Mariveles, the southernmost town of Bataan, is surrounded by three great bodies of water: West Philippine Sea, Corregidor Bay, and Manila Bay. As such, its name according to oral history was derived from the fish that was abundant in its seas. From Maraming Dilis to Mara-dilis, it metamorphosed into Mariveles through the passing of time.

    Formerly called Camaya, Mariveles was a corregimiento (Spanish country subdivisions). Bagac, Morong, Corregidor Island, and the present-day Maragondon, Cavite were part of this corregimiento. In 1754, Governor General Pedro Manuel de Arandi­a issued a superior decree that created the Province of Bataan that included the “towns of Orion, Pilar, Balanga, Abucay, Samal, Orani, Hermosa, Dinalupihan, and Mariveles. All were former towns of the province of Pampanga.

    Mariveles Town HallBecause it is strategically located on the mouth of the Manila Bay, Mariveles was an important stopover for sea voyagers. Even the legendary Chinese pirate Limahong had made Mariveles a port of call.

    The Eighty Years’ War or Dutch War of Independence spilled over in the Orient. Being a colony of Spain, the Philippines was dragged into this protracted war between its colonizers and the Dutch and none has been more fierce than the Battles of La Naval de Manila in 1646. The earliest and final days of this naval conflict were staged in the waters of Mariveles. In 1600 and 1609, the Dutch invaded Mariveles in their attempt to establish a commercial sea route along Southeast Asia.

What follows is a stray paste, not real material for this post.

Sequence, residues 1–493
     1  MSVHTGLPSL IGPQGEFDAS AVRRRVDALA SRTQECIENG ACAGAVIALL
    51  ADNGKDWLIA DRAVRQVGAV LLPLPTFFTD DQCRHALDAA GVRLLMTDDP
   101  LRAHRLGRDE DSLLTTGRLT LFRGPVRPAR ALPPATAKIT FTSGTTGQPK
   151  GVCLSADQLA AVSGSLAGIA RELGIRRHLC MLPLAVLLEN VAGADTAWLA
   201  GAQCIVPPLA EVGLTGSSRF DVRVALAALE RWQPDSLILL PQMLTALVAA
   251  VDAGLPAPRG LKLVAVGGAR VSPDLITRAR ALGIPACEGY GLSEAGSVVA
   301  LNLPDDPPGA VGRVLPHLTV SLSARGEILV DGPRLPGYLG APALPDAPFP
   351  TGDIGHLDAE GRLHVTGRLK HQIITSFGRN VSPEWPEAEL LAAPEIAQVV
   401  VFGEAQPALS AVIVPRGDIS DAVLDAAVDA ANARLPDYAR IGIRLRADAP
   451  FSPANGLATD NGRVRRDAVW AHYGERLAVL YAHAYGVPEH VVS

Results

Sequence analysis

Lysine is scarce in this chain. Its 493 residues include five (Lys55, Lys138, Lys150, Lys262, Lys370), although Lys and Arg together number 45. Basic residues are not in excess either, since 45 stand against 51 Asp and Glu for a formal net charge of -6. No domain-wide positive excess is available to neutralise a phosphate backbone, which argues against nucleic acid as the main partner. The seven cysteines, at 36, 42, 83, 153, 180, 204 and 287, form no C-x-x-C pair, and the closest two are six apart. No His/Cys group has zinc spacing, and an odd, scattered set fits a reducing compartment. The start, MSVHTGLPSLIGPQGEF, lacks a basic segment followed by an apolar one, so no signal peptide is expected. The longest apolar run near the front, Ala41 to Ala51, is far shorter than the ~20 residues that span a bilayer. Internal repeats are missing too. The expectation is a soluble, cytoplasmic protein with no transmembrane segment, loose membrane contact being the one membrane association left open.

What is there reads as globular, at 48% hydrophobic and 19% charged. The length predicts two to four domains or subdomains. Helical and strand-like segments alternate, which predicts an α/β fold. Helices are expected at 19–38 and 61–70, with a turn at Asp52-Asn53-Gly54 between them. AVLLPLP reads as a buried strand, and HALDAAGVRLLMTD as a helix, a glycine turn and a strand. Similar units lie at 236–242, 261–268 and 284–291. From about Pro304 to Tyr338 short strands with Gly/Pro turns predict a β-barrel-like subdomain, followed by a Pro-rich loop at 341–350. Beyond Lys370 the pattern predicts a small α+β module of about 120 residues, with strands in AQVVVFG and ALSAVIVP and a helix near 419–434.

During the Philippine-American War, it was in Mariveles where Major Manuel L. Quezon, aide-de-camp of General Emilio Aguinaldo, surrendered to the Americans.

    On March 29, 1904, General Artemio Ricarte was arrested in Mariveles, Bataan by the Philippine Constabulary.

    Before the Second World War broke out, Mariveles Naval Base was established and completed on July 22, 1941. It was used by the Asiatic Fleet of the US Navy.

    On April 8, 1942, Major General Edward P. King, Jr., the commander of USFIP in the Peninsula, had resigned to the fate that Bataan could no longer wage a fight against the rampaging forces of the Japanese Imperial Army. It was in Mariveles that indeed Bataan has fallen! The arduous, ignominious, infamous Bataan Death March started two days later.

    On June 21, 1969, President Ferdinand E. Marcos signed Republic Act No. 5490, creating a special economic zone in Mariveles, Bataan, the first in the Philippines. This has made Mariveles, Bataan a bustling municipality today.


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